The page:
Scientists have discovered a new genus of monk seal, according to a new study—the first in the modern seal family in more than 140 years.
The new branch of the family tree, Neomonachus, means that species of living monk seals are more distantly related than previously thought—and that the stakes for saving the rare creatures are even higher.
There are three known species of monk seal, all of which were thought to belong to the genus Monachus: the Hawaiian, Mediterranean, and Caribbean. The latter went extinct in the 1950s due to hunting and other causes related to humans. (Related: "Crittercams and Crowdsourcing to Solve Mystery of Hawaiian Monk Seals?")
The two living species are critically endangered: The Hawaiian seal, found throughout the Pacific island chain, numbers about a thousand animals; and the Mediterranean seal, which lives in the southeastern Atlantic Ocean and the Mediterranean Sea, has dwindled to between 350 and 450 animals.
Though threats to the large marine animals differ, most of their decline is due to the impact of humans—ocean pollution and destruction of coastal habitats, for instance, as well as the deployment of fishing gear that entangles the seals.
To save the two species from extinction, scientists want to know as much as they can about them, including their evolutionary relationship to the extinct Caribbean monk seals.
Until recently, that was "a riddle that had gone unanswered," mainly because few high-quality museum specimens of Caribbean seals exist, said study co-author Kristofer Helgen, curator of mammals at the Smithsonian's National Museum of Natural History in Washington, D.C.
But Helgen and his colleagues had a home-team advantage: the Smithsonian Institution's collection of monk seal pelts, which are the best preserved in the world.
Helgen, who's known for his DNA detective work in unveiling the raccoon relative known as the olinguito in 2013, extracted genetic material from the pelts and examined and compared skulls of all three species.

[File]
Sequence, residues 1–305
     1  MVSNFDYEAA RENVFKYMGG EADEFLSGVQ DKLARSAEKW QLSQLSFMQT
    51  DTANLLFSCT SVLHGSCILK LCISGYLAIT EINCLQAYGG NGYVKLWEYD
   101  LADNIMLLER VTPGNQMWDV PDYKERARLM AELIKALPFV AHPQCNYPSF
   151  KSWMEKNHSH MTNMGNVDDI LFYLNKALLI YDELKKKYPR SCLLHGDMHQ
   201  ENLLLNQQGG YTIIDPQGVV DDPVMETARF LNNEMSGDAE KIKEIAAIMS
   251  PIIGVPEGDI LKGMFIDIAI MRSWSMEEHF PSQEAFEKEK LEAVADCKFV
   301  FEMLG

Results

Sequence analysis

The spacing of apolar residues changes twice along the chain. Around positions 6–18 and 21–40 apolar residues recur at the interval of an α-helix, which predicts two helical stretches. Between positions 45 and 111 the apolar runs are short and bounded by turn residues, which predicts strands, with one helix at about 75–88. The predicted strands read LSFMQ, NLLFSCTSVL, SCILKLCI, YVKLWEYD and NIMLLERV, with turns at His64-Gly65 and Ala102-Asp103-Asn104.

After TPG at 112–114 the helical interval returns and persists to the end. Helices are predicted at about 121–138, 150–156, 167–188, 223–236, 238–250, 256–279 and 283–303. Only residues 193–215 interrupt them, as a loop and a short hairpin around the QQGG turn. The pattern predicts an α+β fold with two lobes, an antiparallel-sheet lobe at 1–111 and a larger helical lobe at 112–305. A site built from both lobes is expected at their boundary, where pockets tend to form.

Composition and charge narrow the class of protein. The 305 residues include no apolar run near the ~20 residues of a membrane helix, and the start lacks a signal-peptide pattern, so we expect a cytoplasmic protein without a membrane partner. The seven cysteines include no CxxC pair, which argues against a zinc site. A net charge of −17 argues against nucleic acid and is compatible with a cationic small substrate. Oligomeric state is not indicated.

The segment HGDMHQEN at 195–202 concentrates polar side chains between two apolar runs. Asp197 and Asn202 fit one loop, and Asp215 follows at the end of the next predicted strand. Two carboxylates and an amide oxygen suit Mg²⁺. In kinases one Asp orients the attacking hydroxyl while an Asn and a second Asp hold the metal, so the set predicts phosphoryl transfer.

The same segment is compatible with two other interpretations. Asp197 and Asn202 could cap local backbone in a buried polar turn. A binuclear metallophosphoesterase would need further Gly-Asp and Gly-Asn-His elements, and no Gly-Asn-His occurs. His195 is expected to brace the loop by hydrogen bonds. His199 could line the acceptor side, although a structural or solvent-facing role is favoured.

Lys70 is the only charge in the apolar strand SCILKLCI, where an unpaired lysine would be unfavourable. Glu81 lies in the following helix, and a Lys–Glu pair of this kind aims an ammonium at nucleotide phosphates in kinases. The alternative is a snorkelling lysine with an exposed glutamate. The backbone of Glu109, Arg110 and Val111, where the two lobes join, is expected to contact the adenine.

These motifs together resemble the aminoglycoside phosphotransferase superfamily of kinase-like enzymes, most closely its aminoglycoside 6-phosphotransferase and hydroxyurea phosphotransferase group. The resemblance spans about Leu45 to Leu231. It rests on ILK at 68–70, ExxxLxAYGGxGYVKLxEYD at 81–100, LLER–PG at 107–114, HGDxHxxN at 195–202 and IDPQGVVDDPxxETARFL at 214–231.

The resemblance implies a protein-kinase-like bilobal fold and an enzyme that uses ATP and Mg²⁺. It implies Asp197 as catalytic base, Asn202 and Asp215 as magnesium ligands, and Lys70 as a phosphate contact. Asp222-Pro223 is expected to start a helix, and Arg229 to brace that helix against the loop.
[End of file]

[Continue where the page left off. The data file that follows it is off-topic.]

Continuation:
According to the study, published May 14 in the journal ZooKeys, the results were clear: Caribbean and Hawaiian monk seals belong to a separate, newly named genus—Neomonachus.
That means the Mediterranean monk seal, which remains in the Monachus genus, is only distantly related to the Caribbean seal, not closely related as previously thought.
The new genus discovery is the "most exciting from the classification perspective, because [for] animals as large as these, changes don't happen very often," said Helgen, who is also a National Geographic emerging explorer.
Indeed, this is the first time in more than 140 years that a new genus has been recognized among modern pinnipeds, a group that includes seals, sea lions, and walruses. (See a map of pinnipeds around the world.)
Going from a "coarse understanding" of monk seal history to a much sharper one is admirable, and is "such a great example of continuing to push and ask questions and find new ways to do research," said Charles Littnan, lead scientist with the U.S. National Oceanic and Atmospheric Administration's Hawaiian monk seal research program in Honolulu.
Bad News for Monk Seals
However, the new study is bad news for the rapidly dwindling Hawaiian and Mediterranean monk seals, added Littnan, who was not part of the new research.
Conservationists trying to preserve both seal species used to say that if one of the species went extinct, at least there'd be a "backup" in their sister species.
"It's a little bit scary to suddenly [realize] these animals are even more rare than we thought," said Littnan. Now that "they're both the last of their own distinct lineages, it makes their uniqueness and their value all the greater."
On top of everything else, "living in the tropics is a tough way to be a seal," said Littnan—in fact, the majority of seal species live in more temperate areas and toward the Poles. (Related: "How a Leopard Seal Fed Me Penguins.")
Because monk seals tend to live where people do, they have additional challenges, whether it's sewage runoff, habitat destruction, conflicts with human fishing, or other factors.
"Monk seals may be teetering on the edge at the best of times, so anything extra can push them over," Littnan said.
A good example is the Caribbean seal, which may have once numbered as many as 338,000. Hunters in the Caribbean quickly wiped the docile animal off the planet in the 20th century, despite scientists regularly sounding alarms about its demise, Helgen said.
That it happened so fast "is very sobering," he said. "It reminds us how easy it would be to lose either [of the remaining] species."